Time Magazine recently ran an editorial suggesting that the military is facing a huge issue that involves all service members; a crime, that when committed, is demoralizing to all involved and has lifelong impact – sexual assault and sexual harrassment.
I had the opportunity to ask this very question to Carolyn Collins, Chief, Sexual
Harassment/Assault Response and Prevention (SHARP) Division, and Mr.
Charles Cosgrove, General Attorney in the Office of the Judge Advocate
General, Criminal Law Division, how the military is tackling this “huge issue” and their responses are encouraging.
First off, sexual assault and harrassment is not just a military issue – in our communities, law enforcement officials believe only about 18% of the crimes are reported. In the military, approximately 33% of the crimes are reported. The reason? Dependable systems for reporting are in place. The military has for years, and even more so in recent years, stepped up its prevention training – to the point of being recognized as a national leader in sexual assault and harrassment prevention.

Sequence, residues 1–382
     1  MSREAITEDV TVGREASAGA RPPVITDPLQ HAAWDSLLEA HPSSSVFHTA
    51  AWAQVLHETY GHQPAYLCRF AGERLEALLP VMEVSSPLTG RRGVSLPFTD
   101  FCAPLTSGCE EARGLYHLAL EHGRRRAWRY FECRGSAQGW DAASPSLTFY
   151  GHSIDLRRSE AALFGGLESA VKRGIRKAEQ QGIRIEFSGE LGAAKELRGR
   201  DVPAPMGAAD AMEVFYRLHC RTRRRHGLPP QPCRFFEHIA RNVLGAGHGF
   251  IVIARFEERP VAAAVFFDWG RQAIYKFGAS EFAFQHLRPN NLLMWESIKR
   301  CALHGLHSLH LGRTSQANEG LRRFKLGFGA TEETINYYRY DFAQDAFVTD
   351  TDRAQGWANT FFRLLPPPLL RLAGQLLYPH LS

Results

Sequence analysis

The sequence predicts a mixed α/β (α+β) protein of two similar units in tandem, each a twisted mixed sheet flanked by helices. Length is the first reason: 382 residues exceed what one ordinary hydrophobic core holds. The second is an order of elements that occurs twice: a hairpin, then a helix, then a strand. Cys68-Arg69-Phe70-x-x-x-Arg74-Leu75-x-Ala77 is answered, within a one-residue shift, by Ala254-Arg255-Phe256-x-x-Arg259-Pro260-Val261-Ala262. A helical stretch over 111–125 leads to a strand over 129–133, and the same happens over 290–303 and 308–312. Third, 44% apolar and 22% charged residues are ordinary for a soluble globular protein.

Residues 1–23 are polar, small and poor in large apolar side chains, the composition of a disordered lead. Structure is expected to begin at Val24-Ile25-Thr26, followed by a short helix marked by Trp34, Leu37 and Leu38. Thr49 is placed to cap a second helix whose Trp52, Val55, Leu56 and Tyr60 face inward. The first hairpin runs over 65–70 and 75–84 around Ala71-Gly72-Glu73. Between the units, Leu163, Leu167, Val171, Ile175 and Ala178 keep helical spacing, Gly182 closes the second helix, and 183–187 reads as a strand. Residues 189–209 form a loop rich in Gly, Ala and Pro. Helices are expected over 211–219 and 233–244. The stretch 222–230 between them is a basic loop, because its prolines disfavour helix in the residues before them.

And this is no easy task. We’ve all heard or seen the advertisement “what happens in Las Vegas stays in Las Vegas” and depending on how you interpret this ad, it could mean a number of things – but it is suggestive in that “perhaps” you could cross a morale boundary and get away with it. Our younger generation is inundated by “compromising and suggestive” ads all the time and so right and wrong is sometimes, in their minds, not so black and white.
As a result, those between the ages of 18 and 24 are the most frequent offenders. While I believe most parents raise their children to be good, wholesome, law-abiding adults – crimes still happen. So prevention training is needed.
The JAG corp recently added to their ranks 15 prosecutors who specialize in sexual assault cases, a number of sexual assault investigators around the world to track down offenders, forensic lab folks to process the evidence correctly and specialists who are experts in victim trauma support.
This month marks National Sexual Assault Awareness Month and is an opportunity for the Army and other branches to re-emphasize its ongoing commitment to eliminate sexual harassment and assault in the services, and to highlight ongoing initiatives to
aggressively address these issues.
While Hollywood likes to paint these scenarios in life and our military as “crimes of passion” that often the two individuals work through, it couldn’t be farther from the truth – when these crimes happen, it is devastating. If you or someone you know has been a victim of sexual assault, contact 911 or call the National Center for Victims of Crime Victim Service Helpline, 1-800-FYI-CALL or 1-800-211-7996 (TTY/TDD).
To learn more about how to eliminate this crime in your area, contact the National Sexual Violence Resource Center.
originally published here